- Biggest discovery: that if you have a can of Starbucks Hot Cocoa mix that you haven't been using since you developed a lactose intolerance, you can mix it with just hot water and it is even better than it is with milk.
- Second biggest discovery: hearing from a colleague that students really love a class that I have been working very hard at this semester but had worried about.
- From Vanity Fair, that the New York Public Library has sent/is sending the rest of its books to a storage area in New Jersey "where they would join the two million of the library's books that are already there. In theory, any book could be retrieved and sent to New York within 24 hours. A day isn't much if you are working on a two-year research project. But if you are a student or a visiting scholar who has saved up to come to New York to do research on books you can find only at the New York Public Library, the delay can be critical" (185). Yes, it could be critical indeed.
- That it takes 6.59 minutes for my ancient Vista-based laptop (which I need to use for a specific program for a university function) to boot up and find the wireless but that it has only 7 minutes of battery life if it is not plugged in. For 1 second, it's "Yes! The screen at last!" followed by "Click--battery death."
- That I have been totally spoiled by the open-the-lid-and-type speed of the MacBookPro.
- That spending 14 hours plus transit time on campus teaching and in meetings makes me fall exhausted into bed where I dream of . . . teaching and being in meetings.
- That if your brain is in some sense a production line for writing, the writing part (Production) can't get done until the reading part (Raw Materials) is available.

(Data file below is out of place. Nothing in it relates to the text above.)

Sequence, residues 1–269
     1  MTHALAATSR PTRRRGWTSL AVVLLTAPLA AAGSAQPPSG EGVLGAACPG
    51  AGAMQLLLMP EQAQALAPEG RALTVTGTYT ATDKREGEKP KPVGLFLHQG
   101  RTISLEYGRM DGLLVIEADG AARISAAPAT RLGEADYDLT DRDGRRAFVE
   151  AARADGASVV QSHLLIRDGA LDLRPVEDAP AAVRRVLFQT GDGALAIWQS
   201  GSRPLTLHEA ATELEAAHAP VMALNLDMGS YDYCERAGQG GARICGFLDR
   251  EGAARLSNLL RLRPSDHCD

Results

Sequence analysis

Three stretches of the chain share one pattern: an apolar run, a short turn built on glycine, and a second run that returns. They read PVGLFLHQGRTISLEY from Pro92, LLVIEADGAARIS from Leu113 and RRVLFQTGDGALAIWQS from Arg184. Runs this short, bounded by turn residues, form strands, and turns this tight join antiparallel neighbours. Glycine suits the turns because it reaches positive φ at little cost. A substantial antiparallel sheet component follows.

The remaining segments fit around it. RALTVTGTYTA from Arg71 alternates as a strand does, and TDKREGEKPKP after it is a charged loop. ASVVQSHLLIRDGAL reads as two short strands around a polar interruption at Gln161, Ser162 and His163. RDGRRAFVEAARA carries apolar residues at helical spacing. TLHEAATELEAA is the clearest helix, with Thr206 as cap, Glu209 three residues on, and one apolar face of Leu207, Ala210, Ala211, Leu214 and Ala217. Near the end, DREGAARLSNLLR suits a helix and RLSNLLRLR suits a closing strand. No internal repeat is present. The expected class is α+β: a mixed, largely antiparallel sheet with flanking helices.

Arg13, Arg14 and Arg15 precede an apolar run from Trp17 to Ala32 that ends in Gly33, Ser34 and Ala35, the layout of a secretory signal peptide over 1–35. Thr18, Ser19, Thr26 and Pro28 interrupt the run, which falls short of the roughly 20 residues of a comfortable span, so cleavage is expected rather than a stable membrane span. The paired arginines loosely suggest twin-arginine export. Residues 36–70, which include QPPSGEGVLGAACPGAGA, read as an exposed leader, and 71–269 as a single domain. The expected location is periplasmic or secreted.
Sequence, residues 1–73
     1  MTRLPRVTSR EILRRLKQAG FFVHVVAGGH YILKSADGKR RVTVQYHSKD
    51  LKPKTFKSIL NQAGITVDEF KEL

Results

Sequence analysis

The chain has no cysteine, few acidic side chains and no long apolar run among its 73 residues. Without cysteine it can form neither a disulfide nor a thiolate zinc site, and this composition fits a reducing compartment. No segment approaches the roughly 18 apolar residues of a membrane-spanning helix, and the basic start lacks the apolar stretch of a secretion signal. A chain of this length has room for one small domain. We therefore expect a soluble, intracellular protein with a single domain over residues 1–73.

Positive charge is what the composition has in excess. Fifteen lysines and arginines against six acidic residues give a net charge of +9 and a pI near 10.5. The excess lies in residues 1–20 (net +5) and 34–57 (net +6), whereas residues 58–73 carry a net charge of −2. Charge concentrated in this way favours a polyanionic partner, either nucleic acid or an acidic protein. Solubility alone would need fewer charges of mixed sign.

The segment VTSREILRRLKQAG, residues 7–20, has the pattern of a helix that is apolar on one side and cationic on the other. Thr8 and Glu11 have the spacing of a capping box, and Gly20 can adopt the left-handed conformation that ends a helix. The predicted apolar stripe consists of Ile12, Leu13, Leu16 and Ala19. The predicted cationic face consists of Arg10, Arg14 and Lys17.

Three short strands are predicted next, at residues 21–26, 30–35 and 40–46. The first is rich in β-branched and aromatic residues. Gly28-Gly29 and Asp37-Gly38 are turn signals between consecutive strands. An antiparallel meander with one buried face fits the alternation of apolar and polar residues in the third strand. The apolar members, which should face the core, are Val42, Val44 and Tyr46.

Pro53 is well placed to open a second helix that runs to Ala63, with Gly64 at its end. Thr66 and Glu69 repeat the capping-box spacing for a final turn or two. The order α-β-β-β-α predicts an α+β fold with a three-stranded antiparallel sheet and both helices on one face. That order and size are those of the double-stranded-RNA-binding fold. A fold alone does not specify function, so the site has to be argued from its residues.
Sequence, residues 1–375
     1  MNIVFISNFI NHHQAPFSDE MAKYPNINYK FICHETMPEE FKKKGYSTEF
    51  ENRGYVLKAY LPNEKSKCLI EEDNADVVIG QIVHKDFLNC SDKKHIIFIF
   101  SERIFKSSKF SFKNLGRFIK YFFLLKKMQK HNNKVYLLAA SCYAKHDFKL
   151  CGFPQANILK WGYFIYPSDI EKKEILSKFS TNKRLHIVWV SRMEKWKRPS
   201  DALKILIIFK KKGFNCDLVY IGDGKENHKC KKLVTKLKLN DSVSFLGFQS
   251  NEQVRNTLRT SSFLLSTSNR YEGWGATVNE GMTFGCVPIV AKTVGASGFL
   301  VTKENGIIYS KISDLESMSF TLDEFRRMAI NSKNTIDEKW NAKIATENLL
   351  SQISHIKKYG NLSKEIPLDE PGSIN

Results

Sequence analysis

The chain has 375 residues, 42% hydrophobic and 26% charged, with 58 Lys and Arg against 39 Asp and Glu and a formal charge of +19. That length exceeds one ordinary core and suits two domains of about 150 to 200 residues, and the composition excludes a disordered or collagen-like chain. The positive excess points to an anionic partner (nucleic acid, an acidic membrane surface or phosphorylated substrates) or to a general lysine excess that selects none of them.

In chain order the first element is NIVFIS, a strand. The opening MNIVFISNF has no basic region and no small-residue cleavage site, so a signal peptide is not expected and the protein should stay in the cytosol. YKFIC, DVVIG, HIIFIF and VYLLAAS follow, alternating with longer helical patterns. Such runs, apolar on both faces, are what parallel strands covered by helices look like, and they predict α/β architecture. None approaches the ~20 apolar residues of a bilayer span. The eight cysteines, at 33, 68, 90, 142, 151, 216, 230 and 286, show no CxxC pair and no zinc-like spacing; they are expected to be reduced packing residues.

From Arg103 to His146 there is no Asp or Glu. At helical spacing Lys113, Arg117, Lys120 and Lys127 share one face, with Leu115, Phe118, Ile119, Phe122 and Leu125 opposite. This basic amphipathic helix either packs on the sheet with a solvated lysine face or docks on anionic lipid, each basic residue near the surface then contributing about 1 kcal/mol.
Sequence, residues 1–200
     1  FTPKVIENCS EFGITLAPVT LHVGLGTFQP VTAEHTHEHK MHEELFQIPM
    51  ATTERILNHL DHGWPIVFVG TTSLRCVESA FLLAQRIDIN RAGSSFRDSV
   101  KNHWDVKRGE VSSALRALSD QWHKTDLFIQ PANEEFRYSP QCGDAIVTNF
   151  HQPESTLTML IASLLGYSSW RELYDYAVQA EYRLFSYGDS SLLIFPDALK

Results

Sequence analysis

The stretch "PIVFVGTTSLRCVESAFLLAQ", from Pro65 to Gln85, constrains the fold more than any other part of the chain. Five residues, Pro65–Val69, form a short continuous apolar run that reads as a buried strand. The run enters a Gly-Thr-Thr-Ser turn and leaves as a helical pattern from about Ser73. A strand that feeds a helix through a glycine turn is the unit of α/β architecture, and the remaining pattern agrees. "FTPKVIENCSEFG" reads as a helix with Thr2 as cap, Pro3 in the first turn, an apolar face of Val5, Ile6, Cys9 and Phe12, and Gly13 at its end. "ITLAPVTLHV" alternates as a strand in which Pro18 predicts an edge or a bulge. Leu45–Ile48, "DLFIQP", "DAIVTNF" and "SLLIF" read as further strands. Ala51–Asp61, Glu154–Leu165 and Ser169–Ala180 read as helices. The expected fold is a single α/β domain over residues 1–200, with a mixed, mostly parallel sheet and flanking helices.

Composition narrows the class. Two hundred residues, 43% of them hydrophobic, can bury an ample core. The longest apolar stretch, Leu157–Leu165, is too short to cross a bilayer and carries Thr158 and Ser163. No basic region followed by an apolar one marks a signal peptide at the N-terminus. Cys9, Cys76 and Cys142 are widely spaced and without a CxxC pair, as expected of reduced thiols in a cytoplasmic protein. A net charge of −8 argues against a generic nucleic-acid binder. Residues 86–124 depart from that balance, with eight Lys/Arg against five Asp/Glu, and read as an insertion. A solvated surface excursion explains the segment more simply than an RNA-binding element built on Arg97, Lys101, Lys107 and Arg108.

- That thinking about a new course and new texts to teach is an enjoyable distraction from thinking about a current course or your writing.
- That it's possible to think about adding new texts to a course you've taught before--an online course--until you see all the pages and pages of material, links, and questions you wrote the last time and realize that you would be a total crazy person to reinvent this particular wheel, especially when you realize, after reviewing student feedback, that they really liked the course the way it is.
- If a library or archive had a fantastic online archive with great, close scans of the material you needed to see and there was no doubt about the readability of the online text, would you still feel that you needed to go to the archive?
- Would you think that people might doubt your conclusions if you did so?
- Is there a solid reason for reducing the value of results or conclusions based on an online scan of a text, or is it more about "too easy--you have to earn the research results by going to an archive"?
- Are the answers different for historians and literary scholars?